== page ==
Friday, January 26, 2007

Faith or numbers

Every once in awhile I see an article attempting to prove that the Bible is true or to prove that God exists or some such nonsense, it's the whole attempt to prove what is not about proof but about faith. Faith can come in a small child holding their hand out to an adult. Faith comes when there is no sign of relief but one believes that it is on the way. Faith is about trust when there is nothing in which to trust. Understanding that leads to a release from worrying about how many people one has led to Christ or how many times one has professed their faith or any system of adding up enough points to achieve the goal. When faith is about trusting in what can't be shown, then one can live life freely and openly. When faith is about what has been shown, then faith isn't faith instead it is a numbers game.

I consistently return to a passage from Hebrews 12:18-9:

"[18] You have not come to something that can be touched, a blazing fire, and
darkness, and gloom, and a tempest, [19] and the sound of a trumpet, and a voice
whose words made the hearers beg that not another word be spoken to them."

as I think about what it means to live in faith. Faith can be described but not prescribed. Faith can be seen, but not measured. Faith can be lived, but not without thought. Faith becomes a part of who one is so that it cannot be put off and separated from self. Faith is the gift that allows one to go on even when the road is full of thorns and there seems no end to the problems.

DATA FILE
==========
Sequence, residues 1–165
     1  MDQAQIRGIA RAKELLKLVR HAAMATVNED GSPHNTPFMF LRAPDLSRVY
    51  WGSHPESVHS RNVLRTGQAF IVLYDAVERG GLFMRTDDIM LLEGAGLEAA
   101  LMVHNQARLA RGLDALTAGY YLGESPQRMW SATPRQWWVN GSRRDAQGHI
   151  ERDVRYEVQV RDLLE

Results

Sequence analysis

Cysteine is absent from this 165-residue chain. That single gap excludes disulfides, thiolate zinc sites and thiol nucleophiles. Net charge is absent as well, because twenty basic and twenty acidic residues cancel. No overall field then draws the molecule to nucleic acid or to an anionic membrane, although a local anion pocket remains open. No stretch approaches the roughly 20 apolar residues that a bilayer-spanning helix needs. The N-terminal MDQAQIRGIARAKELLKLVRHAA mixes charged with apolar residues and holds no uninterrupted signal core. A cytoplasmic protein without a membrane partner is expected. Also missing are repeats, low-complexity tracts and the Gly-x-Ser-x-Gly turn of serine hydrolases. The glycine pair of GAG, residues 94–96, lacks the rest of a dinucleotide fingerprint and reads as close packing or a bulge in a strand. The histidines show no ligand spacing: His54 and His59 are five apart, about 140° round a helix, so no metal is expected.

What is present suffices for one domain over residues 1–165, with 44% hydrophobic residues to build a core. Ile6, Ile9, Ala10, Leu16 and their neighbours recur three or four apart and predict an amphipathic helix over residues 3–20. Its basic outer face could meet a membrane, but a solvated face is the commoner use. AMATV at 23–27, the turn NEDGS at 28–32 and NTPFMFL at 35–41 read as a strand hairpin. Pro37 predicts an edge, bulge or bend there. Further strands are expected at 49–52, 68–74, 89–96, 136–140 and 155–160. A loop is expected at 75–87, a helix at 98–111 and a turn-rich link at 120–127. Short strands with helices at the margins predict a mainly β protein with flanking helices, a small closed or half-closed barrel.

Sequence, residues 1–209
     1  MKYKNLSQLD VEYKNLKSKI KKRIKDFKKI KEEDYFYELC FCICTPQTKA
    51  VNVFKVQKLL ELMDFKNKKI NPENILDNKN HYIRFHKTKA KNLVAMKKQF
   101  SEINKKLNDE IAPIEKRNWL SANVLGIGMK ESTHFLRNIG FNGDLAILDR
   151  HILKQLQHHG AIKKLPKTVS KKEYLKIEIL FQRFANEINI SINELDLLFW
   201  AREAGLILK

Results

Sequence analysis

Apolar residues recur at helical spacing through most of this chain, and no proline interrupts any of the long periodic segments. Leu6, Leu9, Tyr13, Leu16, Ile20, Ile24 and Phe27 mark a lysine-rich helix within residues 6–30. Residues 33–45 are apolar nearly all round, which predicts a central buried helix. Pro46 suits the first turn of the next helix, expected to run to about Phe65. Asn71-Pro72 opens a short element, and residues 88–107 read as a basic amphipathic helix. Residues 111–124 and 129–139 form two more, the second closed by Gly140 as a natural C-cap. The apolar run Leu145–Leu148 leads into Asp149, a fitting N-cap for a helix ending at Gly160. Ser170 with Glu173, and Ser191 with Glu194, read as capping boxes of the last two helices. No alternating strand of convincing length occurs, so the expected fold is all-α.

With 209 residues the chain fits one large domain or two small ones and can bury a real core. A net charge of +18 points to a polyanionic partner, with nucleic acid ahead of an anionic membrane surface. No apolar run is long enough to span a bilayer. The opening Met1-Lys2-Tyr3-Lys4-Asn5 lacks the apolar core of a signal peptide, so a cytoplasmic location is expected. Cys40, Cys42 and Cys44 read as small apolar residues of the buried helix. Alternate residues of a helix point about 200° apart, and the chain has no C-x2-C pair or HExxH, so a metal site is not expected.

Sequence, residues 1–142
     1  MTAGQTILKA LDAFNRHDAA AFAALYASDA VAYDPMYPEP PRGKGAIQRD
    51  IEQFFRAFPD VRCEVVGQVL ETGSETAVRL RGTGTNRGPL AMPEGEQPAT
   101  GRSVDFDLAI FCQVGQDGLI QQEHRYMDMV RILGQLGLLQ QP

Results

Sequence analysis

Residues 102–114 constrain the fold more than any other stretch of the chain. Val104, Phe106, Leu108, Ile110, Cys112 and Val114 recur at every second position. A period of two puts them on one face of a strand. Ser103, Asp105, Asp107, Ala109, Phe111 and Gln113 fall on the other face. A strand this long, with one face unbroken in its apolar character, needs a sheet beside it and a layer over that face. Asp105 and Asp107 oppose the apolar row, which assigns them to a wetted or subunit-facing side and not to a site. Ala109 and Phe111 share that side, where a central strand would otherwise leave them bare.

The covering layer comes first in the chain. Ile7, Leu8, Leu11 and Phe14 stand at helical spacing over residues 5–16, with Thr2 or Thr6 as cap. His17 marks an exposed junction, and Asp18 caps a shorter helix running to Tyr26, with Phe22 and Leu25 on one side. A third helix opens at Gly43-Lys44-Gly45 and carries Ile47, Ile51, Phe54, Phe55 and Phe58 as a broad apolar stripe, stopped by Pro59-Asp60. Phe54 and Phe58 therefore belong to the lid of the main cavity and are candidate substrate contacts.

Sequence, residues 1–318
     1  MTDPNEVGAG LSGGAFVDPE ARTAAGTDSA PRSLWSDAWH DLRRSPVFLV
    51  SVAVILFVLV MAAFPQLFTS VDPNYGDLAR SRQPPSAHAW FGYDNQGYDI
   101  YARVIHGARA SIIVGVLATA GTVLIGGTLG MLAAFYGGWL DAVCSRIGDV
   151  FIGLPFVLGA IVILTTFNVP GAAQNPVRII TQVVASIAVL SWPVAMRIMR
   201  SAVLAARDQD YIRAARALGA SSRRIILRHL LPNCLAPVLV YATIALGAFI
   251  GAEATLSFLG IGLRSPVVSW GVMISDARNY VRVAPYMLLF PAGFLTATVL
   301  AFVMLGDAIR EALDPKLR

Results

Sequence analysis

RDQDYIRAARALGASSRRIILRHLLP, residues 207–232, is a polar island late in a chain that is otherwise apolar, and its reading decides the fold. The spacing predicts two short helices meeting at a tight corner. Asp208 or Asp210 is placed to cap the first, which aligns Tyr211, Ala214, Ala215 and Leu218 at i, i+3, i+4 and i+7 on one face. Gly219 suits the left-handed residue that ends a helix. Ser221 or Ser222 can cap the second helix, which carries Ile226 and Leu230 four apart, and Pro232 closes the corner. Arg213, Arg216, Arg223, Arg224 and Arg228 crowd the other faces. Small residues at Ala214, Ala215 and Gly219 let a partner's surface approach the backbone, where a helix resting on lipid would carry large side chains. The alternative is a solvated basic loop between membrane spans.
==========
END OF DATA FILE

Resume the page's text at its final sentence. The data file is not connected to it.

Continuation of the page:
The problem with living by proof is that proofs can be shown to be false and if you hold onto the proof in spite of evidence to the contrary then you make a mockery of the truth. Proofs aren't about faith; they are about a lack of faith.

Living by faith is a little scarier and a whole lot more satisfying. A lot of worries drop off when you can accept that your faith is incomplete and will grow through your life. You can stop worrying about getting the details correct and begin to look to where you should be heading.

Saying that you have proof finishes the discussion. But faith is not about stopping a conversation, but about a journey through life. Faith is the journey of a poor wayfarin' stranger wandering through a world of woe. Faith is starting out on a journey to a land where one has never been. Faith is what happens when you believe that salvation is coming and you continue to believe even though your family and nation faces destruction and is taken away to a Babylonian captivity.

Proving that scripture is true puts belief and faith into a category that can be measured. And while there are passages that talk about if only you had the faith of a mustard seed, those passages aren't about measuring faith in a way that is susceptible to proof but living faith in daily life. Faith is not about doubts or the absence of doubts; faith is about going forth into an uncertain world and trying to make that world a better place.

Asking for proof is the opposite of faith. And while proof is useful in many places and for many ideas, thinking that having proof will solve problems of religion and belief makes a mockery of faith itself. Faith is hope in things unseen, where proof measures and weighs evidence. Faith is looking for the now but not yet, where proof exists only in the present.

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